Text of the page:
Thursday, 28 December 2017

Minister welcomes Positive Review of "Catch and Release" Policy

Minister Sean Kyne announces 78 rivers open for salmon angling in 2018

Minister welcomes Positive Review of "Catch and Release" Policy

Mr. Sean Kyne T.D., Minister with responsibility for the inland fisheries sector, has approved a suite of regulations and bye-laws that will govern the wild salmon and sea trout fisheries in 2018. These will come into effect from Monday 1 January 2018.
Minister Kyne said "In all, 78 rivers will open for angling activity in 2018 and this will provide opportunities for all to share this important natural resource on a sustainable basis.  42 of these rivers will be fully open with a further 36 for angling on a "catch & release" basis. I had asked Inland Fisheries Ireland to carry out a full review of the Catch and Release element of fisheries management policy ahead of the 2018 season and this has resulted in an additional 12 rivers open on a Catch and Release basis which otherwise would have been closed."
Minister Kyne had received management advice from IFI in relation to over 140 genetically individual wild salmon stocks in Ireland, in advance of setting out the legislation for 2018. This advice was also made available as part of a public consultation process.  This was based on the scientific assessment of the current status of all stocks carried out by the independent Standing Scientific Committee on Salmon. This committee comprises scientists from a range of organisations. 
Over 130 submissions were considered as part of the public consultation process. Based on this the Minister has introduced conservation measures for the management of the wild salmon and sea trout fishery in 2018.

Management advise supported by scientific assessment of rivers/estuaries/harbours is that:-

  • 78 Rovers should be open for angling of which 
    • 42 rivers should be open as a surplus of fish has been identified in these rivers;
    • 36 rivers should be classified as open for "catch and release" angling; 
  • 68 rivers should be closed as they have no surplus of fish available for harvest.
Summary of main changes to the management of the wild salmon fishery in 2017
Fishery District River20172018
DundalkGlydeOpenCatch And Release
DundalkDeeCatch And ReleaseClosed to 30 April/Catch And Release from 01 May
WexfordSlaneyClosedClosed to 30 April/Catch And Release from 01 May
KerryFertaOpenCatch And Release
KerryInnyOpenCatch And Release
BangorShramoreClosedCatch And Release
BallyshannonEskeClosed Catch And Release
BallyshannonOwenwee (yellow)ClosedCatch And Release
LetterkennyOwenea/OwentockerOpenCatch And Release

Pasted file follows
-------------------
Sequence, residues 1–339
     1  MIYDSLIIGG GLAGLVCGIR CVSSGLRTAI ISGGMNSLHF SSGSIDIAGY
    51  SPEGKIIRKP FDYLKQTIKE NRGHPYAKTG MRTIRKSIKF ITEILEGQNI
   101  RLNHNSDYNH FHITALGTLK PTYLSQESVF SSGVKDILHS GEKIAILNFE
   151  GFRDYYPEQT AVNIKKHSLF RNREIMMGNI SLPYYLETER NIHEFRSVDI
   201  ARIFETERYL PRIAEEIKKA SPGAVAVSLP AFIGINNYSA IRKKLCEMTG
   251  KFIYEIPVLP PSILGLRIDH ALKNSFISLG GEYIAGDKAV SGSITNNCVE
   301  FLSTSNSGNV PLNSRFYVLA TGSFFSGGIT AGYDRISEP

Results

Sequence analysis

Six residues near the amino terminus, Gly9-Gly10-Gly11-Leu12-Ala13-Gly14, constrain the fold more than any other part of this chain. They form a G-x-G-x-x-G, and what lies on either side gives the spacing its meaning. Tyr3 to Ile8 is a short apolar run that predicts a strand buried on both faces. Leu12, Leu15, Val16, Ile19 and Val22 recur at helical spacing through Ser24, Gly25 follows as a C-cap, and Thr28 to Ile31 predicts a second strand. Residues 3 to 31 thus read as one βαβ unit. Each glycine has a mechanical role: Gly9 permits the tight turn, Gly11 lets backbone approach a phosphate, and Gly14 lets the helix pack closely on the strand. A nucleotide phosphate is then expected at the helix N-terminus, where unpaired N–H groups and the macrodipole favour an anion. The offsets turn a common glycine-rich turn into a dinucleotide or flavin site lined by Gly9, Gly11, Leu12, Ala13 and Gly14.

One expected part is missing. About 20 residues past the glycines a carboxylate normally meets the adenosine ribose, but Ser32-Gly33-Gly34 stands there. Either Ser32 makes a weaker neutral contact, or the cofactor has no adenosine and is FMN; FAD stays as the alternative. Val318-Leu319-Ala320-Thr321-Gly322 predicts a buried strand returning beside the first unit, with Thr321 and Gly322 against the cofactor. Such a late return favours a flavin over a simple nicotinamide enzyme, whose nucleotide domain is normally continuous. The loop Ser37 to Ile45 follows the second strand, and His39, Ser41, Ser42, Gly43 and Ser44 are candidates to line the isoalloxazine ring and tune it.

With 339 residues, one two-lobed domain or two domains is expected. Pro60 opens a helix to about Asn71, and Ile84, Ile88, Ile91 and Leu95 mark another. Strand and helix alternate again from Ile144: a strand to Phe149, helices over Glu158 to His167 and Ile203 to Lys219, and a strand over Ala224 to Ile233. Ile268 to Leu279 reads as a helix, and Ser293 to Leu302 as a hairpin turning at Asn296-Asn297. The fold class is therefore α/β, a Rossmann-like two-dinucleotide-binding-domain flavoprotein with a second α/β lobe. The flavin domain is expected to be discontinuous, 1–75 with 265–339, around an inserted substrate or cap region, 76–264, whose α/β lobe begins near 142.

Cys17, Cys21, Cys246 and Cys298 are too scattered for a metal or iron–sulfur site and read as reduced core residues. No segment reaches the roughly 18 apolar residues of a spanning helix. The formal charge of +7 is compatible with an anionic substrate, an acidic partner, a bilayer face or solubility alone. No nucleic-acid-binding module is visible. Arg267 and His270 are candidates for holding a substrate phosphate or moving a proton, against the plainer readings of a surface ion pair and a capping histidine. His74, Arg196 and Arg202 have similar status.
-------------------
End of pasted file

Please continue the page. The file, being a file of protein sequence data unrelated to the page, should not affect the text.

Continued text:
LetterkennyGweedore (Crolly)OpenCatch And Release
LetterkennyTullaghobegleyClosedCatch And Release
LetterkennyLeannanCatch And ReleaseClosed to 30 April/Catch And Release from 01 May
1.  Wild Salmon and Sea Trout Tagging Scheme (Amendment) Regulations S.I. No. 602 of 2017
These regulations provide for, the quotas of fish that can be harvested by commercial fishing engines and rod and line from those rivers identified in Schedule 2.  The Regulations also provide for the use of brown tags in specified rivers which are identified in Schedule 4. 
2. Angling Byelaw No. 955, 2017
This Bye-law prohibits the use of any fish hooks, other than single barbless hooks, and also prohibits the use of worms as bait in angling for all species of fish in the waters specified in the Bye-law. 
3. Conservation of Salmon and Sea trout (Bag Limits) Bye-law No. 956, 2017
Provides for an annual bag limit of 10 fish being either salmon or sea trout (over 40 cm) per angler and provides for a season bag limit of 3 fish in the period 1 January to 11 May, a daily bag limit of 3 fish from 12 May to 31 August and a daily bag limit of 1 fish from 1 September to the end of the season. The Bye-law also provides for the use of single barbless hooks and prohibits the use of worms as bait once the specified numbers of fish have been caught in the specified periods.  
4. Conservation of Salmon and Sea trout (Catch and Release) Bye-law No. 957, 2017 
Provides for catch and release in respect of salmon and sea trout (over 40 cm) in rivers that are meeting at least 50% of their Conservation Limit as mentioned in the Bye-law. The Bye-law also provides for the use of single barbless hooks and prohibits the use of worms as bait in angling for salmon and sea trout over 40 cm.
5. Conservation of Salmon and Sea Trout (River Suir) Bye-law No. 958, 2017.
This Bye-Law provides for catch and release in angling for salmon (any size) and sea trout (over 40cm) in the River Suir (including the waters of the Rivers Clodiagh, Lingaun and Blackwater) and also prohibits the use of worms, prawn, shrimp or any other crustacean, or artificial forms thereof, as bait and any fish hooks other than single barbless hooks during the period 17 March to 30 Sept, 2018.
6. Conservation of Sea Trout Bye-law No. 959, 2017